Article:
Wednesday

Role of Management in Software Development

  • Software development is populated by players who can be categorized into one of five constituencies:
  1. Senior managers who define the business issues that often have significant influence on the project. 
  2. Project (technical) managers who must plan, motivate, organize, and control the practitioners who do software work.
  3. Practitioners who deliver the technical skills that are necessary to engineer a product or application. 
  4. Customers who specify the requirements for the software to be engineered and other stakeholders who have a peripheral interest in the outcome. 
  5. End-users who interact with the software once it is released for production use. 
“Management includes Senior managers, Project (technical) managers, Practitioners”
  • Senior managers
  1. Motivation. The ability to encourage (by “push or pull”) technical people to produce to their best ability.
  2. Organization. The ability to mold existing processes (or invent new ones) that will enable the initial concept to be translated into a final product.
  3. Ideas or innovation. The ability to encourage people to create even when they must work within bounds established.
  • Team Leaders : Project manager emphasizes four key traits:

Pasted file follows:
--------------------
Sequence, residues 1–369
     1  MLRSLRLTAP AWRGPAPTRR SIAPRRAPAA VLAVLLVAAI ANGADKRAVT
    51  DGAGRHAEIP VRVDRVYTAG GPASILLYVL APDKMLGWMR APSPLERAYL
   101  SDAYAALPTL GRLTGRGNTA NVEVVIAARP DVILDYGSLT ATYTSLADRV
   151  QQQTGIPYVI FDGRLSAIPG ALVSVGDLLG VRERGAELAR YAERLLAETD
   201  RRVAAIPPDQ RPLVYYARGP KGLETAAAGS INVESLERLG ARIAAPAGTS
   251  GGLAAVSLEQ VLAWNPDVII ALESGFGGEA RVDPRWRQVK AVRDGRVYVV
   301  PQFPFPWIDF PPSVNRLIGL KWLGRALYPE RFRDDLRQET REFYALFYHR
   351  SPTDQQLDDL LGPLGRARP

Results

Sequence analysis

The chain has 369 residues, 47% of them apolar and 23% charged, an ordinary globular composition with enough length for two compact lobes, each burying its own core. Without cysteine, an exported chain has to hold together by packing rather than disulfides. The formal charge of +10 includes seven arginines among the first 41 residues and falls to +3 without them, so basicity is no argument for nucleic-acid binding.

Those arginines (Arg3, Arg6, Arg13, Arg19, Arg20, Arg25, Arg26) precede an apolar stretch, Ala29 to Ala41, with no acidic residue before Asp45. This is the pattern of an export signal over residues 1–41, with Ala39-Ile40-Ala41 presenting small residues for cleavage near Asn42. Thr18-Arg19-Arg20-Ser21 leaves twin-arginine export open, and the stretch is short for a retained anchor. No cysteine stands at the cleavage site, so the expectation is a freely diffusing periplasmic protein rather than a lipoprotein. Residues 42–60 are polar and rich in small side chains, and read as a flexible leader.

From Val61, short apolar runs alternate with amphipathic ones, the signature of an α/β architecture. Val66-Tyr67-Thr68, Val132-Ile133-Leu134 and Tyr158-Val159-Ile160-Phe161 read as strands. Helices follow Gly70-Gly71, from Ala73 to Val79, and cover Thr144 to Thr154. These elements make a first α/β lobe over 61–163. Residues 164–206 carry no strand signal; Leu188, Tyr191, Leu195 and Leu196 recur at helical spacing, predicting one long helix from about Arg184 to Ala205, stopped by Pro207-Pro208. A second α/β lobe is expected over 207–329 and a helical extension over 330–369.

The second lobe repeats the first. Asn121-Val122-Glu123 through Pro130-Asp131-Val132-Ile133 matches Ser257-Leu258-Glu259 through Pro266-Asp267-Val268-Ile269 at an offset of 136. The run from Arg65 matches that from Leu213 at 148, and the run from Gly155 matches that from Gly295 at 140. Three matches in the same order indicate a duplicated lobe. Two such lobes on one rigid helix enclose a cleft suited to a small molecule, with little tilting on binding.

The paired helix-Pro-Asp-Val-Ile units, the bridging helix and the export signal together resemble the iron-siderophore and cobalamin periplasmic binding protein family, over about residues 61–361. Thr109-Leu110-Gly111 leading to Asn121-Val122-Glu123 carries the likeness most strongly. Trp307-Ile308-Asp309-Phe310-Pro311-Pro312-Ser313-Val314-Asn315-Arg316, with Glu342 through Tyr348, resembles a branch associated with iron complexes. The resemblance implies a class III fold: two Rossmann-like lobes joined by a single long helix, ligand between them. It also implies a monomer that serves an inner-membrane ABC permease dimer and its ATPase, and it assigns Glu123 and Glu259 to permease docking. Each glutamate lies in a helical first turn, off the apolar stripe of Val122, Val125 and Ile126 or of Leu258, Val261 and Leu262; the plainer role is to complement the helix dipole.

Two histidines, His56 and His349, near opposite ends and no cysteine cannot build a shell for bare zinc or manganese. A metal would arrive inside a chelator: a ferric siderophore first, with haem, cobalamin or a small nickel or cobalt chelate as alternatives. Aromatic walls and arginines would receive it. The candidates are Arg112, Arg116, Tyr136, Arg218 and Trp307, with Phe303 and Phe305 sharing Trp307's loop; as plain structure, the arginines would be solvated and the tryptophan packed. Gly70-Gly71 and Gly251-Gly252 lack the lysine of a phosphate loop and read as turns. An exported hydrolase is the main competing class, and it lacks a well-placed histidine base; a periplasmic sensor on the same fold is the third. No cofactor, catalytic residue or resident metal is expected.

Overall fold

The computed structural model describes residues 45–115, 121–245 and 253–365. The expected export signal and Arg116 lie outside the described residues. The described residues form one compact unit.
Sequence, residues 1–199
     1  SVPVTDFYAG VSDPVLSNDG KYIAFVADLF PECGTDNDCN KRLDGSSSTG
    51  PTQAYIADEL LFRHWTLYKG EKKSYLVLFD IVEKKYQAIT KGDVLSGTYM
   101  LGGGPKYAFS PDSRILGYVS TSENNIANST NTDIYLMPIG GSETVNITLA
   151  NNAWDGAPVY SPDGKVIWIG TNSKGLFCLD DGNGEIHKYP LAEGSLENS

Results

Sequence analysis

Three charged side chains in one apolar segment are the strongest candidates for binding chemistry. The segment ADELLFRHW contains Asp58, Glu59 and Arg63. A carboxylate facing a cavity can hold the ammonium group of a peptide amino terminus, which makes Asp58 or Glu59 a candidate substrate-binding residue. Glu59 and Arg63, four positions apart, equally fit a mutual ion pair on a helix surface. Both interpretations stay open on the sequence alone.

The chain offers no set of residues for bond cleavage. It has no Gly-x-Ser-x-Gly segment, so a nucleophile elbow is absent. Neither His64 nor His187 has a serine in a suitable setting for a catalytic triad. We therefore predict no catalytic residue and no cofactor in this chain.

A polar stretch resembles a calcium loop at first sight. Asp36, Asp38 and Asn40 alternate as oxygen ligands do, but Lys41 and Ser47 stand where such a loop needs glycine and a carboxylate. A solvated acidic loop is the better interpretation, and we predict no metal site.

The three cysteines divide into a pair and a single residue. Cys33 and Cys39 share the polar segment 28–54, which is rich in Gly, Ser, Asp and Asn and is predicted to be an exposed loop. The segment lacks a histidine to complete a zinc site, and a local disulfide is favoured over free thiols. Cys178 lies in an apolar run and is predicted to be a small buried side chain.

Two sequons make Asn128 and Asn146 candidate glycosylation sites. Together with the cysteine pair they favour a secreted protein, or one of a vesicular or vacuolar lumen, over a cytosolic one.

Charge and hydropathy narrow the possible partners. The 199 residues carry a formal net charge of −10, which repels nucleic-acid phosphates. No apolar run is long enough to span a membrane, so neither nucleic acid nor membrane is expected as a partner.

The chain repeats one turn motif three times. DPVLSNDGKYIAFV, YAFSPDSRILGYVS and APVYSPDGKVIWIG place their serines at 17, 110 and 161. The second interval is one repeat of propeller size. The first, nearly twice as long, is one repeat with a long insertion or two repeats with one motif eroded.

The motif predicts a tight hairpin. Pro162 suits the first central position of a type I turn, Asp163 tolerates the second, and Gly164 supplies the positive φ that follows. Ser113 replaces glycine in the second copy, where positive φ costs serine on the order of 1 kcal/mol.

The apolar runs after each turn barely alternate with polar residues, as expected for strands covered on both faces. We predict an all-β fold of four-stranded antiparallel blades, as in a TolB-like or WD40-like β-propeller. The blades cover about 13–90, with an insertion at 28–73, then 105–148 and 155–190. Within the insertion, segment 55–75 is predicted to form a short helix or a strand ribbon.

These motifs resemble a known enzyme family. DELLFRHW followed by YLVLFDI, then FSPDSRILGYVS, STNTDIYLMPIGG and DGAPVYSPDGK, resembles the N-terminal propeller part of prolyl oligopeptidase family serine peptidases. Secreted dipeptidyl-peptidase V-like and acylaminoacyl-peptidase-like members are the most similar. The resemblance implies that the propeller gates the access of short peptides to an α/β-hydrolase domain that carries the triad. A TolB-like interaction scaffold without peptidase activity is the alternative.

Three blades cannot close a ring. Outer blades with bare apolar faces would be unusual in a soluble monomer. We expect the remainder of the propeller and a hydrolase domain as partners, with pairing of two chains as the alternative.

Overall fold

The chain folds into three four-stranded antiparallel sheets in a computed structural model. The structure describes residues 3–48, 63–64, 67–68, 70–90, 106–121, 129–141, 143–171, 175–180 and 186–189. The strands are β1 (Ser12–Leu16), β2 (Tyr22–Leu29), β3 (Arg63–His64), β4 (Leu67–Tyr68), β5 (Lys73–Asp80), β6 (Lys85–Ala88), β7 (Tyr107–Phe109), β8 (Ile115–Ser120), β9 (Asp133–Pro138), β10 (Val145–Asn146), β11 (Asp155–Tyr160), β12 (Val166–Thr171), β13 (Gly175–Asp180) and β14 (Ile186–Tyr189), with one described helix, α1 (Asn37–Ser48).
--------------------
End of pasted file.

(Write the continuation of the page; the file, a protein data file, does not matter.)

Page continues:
1. Problem solving. An effective software project manager can diagnose the technical and organizational issues, systematically structure a solution or properly motivate other practitioners to develop the solution.
  2. Managerial identity. A good project manager must take charge of the project.
  3. Achievement. To optimize the productivity of a project team, a manager must reward initiative and accomplishment and demonstrate through his own actions that controlled risk taking will not be punished.
  4. Influence and team building. An effective project manager must be able to “read” people; must be able to understand verbal and nonverbal signals and react to the needs of the people sending these signals. The manager must remain under control in high-stress situations.
  • The Software Team:
  1. The “best” team structure depends on the management style of your organization,
  2. The number of people who will populate the team and their skill levels, and the overall problem difficulty.
  3. To achieve a high-performance team: 
• Team members must have trust in one another.
• The distribution of skills must be appropriate to the problem.
• Problems may have to be excluded from the team, if team is to be maintained.

     4. It is important to recognize that human differences is the first step toward creating teams that jell.

1 comment:

  1. interesting blog. It would be great if you can provide more details about it. Thanks you





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